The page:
Federal regulators will take over financially troubled Balboa National Bank this morning, ending the National City's bank's 5-year struggle, a member of Balboa's board of directors said Thursday.
The troubled bank was unable to stop the flow of red ink generated by non-performing loans that date back to shortly after the bank was founded in 1983, according to Harry Fraser, a Balboa Bank board member and the owner of National City-based Fraser Boilers.
In September, Balboa's net worth-to-assets ratio had plunged to 3%, far below the 7% ratio preferred by federal regulators. In September, President Dick Long said the bank had $33 million in assets. The bank lost $4 million in 1986 and anticipated a $3-million loss for 1987 and a $500,000 loss during 1988, according to Long.
Balboa board members "have worked closely with the (U.S. comptroller of the currency) and the Federal Deposit Insurance Corp. and have cooperated in an orderly closing of the bank," Fraser said.
Arrangements have been made to "ensure that no bank customers will suffer any loss on their deposits," he added.
Federal regulators on Thursday night were not available for comment on the bank's future. Fraser declined to say what regulators would do with Balboa's assets. In many instances, however, assets of failed institutions are transferred to a newly chartered federal institution.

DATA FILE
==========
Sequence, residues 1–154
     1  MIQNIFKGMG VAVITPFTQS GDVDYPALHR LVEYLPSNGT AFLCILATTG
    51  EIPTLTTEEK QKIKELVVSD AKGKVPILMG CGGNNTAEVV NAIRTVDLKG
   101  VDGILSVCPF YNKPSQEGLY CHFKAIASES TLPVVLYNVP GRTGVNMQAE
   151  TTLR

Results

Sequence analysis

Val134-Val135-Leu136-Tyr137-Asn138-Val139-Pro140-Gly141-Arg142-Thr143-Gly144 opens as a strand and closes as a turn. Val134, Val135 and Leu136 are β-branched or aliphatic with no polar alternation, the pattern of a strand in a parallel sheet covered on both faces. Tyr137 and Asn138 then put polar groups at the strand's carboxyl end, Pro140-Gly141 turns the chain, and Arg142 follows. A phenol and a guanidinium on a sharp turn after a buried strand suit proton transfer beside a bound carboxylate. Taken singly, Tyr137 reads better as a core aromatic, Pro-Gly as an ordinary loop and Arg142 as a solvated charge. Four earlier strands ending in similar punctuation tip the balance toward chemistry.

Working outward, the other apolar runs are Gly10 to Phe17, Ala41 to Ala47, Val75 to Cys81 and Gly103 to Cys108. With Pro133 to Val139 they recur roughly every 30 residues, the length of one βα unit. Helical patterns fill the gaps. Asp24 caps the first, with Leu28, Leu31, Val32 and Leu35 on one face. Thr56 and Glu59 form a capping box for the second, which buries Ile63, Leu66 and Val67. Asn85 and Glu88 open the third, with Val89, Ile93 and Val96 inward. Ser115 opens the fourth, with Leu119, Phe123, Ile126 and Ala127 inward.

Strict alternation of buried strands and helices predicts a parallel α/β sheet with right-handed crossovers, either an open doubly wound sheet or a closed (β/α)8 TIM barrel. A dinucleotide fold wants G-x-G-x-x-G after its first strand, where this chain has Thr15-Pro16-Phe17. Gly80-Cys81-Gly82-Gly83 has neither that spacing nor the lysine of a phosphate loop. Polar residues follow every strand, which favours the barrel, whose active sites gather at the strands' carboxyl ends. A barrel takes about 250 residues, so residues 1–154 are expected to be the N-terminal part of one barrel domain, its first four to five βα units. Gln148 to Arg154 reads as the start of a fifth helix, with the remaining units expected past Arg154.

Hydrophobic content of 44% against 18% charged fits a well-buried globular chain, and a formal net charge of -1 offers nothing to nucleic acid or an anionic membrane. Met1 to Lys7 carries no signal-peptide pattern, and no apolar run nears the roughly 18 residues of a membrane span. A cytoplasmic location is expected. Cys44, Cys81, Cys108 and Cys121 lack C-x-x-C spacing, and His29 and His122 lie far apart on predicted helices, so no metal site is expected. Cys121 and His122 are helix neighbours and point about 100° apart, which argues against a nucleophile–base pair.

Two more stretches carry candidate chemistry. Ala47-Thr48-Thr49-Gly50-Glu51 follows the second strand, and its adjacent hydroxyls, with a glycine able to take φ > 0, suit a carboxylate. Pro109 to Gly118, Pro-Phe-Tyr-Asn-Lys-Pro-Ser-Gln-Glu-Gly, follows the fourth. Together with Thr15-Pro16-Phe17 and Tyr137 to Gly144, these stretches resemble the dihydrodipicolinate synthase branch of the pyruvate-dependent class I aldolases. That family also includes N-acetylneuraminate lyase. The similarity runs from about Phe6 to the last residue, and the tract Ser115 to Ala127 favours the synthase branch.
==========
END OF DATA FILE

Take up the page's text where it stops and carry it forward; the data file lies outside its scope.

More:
"I wouldn't be surprised if that happens," Fraser said Thursday. "You'll know more about that (on Friday)."
Fraser linked Balboa's failure to problems generated by "prior management after the bank opened."
Last May, Fraser contributed $2 million of a $2.8-million capital infusion that, at the time, kept federal regulators from closing the bank.
In September, Balboa shareholders approved an additional infusion that would have added $2 million in capital from board members. Federal regulators, however, apparently did not approve that planned infusion.
Board members were unable to meet the "increased dollar requirement" needed to save the bank, Fraser said.
"The magnitude of continuing losses was not known at the time" of that recapitalization, Fraser said. "Only during the last several months has the total capital need of the bank been determined."
Fraser said Balboa's directors had unsuccessfully "pursued all possible options, including attracting additional capital, (holding) discussions with merger prospects and (considering) sale negotiations."
The bank, which opened on Feb. 22, 1983, with $2.9 million in capital, has struggled with capital problems since 1984. Chairman Art Engel later acknowledged that the bank "grew too fast without getting our capital systems and people into place first."
Balboa recently had tried to bring its net worth-to-assets ratio to 7%, as ordered by federal regulators in 1984. In October, federal regulators asked the U.S. District Court in San Diego to order Balboa to increase its net worth-to-assets ration to 7%.
The May, 1987, capital infusion by Fraser and other board members came at the 11th hour, as federal regulators were inside the bank, preparing to close it.